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This Month's Highlights
Psychiatric Services 2000; doi: 10.1176/appi.ps.51.9.1085
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In the 1980s clinicians were becoming increasingly aware of the clinical challenges presented by patients with both a mental illness and a substance use disorder. With deinstitutionalization, large numbers of patients who formerly would have been institutionalized were living in the community and had relatively easy access to alcohol and drugs. In this month's issue we continue to examine important developments in psychiatry over the past 50 years by reprinting an article from the October 1989 issue on assessment and classification of patients with psychiatric and substance use disorders, written by Anthony F. Lehman, M.D., and his colleagues (see page 1119). In a commentary, Robert E. Drake, M.D., Ph.D., and Michael A. Wallach, Ph.D., discuss how an understanding of dual diagnosis has developed over the past ten years, along with a growing recognition of the links between substance use disorders and poor outcomes for patients with chronic mental illness (see page 1126)…. In the Taking Issue column, Max Schneier, J.D., says that appropriate treatment depends not on subgrouping of dual diagnosis patients but on careful assessment leading to individualized clinical and psychosocial interventions (see page 1079).

Herbal preparations are a $4 billion industry, and preparations for the prevention and treatment of psychiatric disorders is its most rapidly growing segment. Gabrielle Beaubrun, M.B.B.S., and Gregory E. Gray, M.D., Ph.D., review research on herbs commonly used for psychiatric symptoms—St. John's wort, kava, ginkgo biloba, and valerian. Some studies have found these herbal treatments superior to placebo in treating symptoms of depression and anxiety and improving cognitive function and sleep. However, the authors conclude that because of the paucity of controlled trials and the lack of standardization of preparations, it would be premature for psychiatrists to recommend herbal remedies over established conventional treatments (see page 1130).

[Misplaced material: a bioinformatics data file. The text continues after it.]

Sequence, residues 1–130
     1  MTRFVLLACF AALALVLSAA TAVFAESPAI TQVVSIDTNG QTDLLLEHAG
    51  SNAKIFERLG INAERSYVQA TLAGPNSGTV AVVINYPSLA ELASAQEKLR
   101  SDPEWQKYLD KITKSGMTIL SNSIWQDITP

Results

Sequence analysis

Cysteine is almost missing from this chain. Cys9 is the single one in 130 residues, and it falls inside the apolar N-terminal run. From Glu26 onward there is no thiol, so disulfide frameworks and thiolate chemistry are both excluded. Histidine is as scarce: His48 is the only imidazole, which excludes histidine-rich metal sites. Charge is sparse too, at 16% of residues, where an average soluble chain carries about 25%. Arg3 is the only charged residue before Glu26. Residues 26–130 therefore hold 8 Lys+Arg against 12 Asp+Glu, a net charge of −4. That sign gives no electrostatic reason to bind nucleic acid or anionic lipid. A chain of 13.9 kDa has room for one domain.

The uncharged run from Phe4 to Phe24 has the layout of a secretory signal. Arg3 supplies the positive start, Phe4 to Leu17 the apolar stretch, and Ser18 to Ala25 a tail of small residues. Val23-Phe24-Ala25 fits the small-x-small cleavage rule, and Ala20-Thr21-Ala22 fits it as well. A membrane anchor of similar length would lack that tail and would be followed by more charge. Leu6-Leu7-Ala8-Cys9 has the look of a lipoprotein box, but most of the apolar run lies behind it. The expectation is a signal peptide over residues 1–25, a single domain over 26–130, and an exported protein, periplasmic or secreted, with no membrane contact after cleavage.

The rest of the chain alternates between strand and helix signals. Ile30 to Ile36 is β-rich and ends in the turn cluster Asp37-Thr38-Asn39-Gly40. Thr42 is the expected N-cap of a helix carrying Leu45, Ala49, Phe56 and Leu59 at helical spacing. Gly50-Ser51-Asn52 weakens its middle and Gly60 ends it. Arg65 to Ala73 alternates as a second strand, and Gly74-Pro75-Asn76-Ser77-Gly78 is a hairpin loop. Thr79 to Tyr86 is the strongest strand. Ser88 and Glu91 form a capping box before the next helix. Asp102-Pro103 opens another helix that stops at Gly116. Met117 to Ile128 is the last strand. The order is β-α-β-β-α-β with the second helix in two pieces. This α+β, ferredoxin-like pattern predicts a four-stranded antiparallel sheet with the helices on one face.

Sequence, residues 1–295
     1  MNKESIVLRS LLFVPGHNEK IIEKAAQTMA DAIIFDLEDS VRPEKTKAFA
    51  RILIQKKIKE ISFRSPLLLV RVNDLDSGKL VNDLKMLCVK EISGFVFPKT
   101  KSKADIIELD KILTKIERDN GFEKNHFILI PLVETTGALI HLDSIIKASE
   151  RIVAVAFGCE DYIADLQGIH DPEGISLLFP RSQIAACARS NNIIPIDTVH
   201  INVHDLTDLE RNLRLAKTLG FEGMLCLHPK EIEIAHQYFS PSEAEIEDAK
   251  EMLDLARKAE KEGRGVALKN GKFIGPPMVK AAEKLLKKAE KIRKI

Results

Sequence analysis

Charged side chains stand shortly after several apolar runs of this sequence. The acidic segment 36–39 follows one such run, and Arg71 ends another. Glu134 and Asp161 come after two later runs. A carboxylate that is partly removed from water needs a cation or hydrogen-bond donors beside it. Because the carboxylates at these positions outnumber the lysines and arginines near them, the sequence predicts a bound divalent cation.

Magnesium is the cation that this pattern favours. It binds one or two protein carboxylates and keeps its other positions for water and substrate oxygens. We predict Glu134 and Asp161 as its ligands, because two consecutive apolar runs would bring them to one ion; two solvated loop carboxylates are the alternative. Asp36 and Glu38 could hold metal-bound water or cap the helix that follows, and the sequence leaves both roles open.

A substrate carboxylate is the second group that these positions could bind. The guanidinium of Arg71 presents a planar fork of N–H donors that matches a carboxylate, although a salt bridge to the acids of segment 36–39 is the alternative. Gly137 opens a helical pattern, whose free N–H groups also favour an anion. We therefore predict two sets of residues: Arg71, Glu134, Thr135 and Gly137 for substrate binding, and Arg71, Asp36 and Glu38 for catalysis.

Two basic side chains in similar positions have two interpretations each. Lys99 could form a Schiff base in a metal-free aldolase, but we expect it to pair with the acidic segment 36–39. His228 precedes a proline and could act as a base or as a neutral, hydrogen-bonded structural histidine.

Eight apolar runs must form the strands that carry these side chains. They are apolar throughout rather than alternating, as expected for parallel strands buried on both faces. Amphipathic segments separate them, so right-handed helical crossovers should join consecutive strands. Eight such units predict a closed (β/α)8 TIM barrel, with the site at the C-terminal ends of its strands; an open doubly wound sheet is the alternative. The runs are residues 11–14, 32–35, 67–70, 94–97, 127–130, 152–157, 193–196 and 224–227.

Inpatient staff may be less vigilant about and less responsive to escalating aggression by female patients, believing that females are less likely to be assaultive than their male counterparts. Judy N. Lam, Ph.D., and associates examined medical charts on a locked ward over a ten-year period and identified 76 patients who injured staff members. Nearly half of the injuries were caused by female patients, and the proportions of injuries caused by male and female patients were similar to the proportions of males and females hospitalized during that period. The authors conclude that signs of an elevated risk of violence by female patients should not be discounted by inpatient staff (see page 1167).

Studies indicate that about one in four homeless persons has a serious mental illness. Because many persons with a mental disorder receive disability payments as well as assistance from outreach programs, their quality of life may be better than that of other homeless persons. Greer Sullivan, M.D., M.S.P.H., and her colleagues explored this possibility by comparing data for more than 1,500 homeless persons. Those with mental illness were much more likely than those without mental illness to receive disability benefits or Medicaid. However, their quality of life was worse in terms of physical health, unmet subsistence needs, and victimization (see page 1135).

In another study of homelessness, Matthew J. Chinman, Ph.D., and associates examined whether homeless persons who developed a working alliance with their case manager had better outcomes than those who did not. Using data for nearly 2,800 clients in the ACCESS program who completed baseline and 12-month interviews, they found that clients who had an alliance with their case manager spent significantly fewer days homeless and reported greater general life satisfaction than those who did not form such a relationship (see page 1142).

•In 1991 California decentralized its state mental health system, a move that gave more flexibility to local governments to provide services. For the first time, the severely mentally ill population was specified as the target population. Amy Zhang, Ph.D., and her colleagues evaluated data from before and after this realignment and determined that the most severely mentally ill persons have received the highest priority for services (see page 1103).

•The Emergency Psychiatry column examines the effectiveness of critical incident stress management, an approach to crisis intervention that provides support for people who have experienced traumatic events such as mass disasters or who have been injured or witnessed death in the line of duty (see page 1095).

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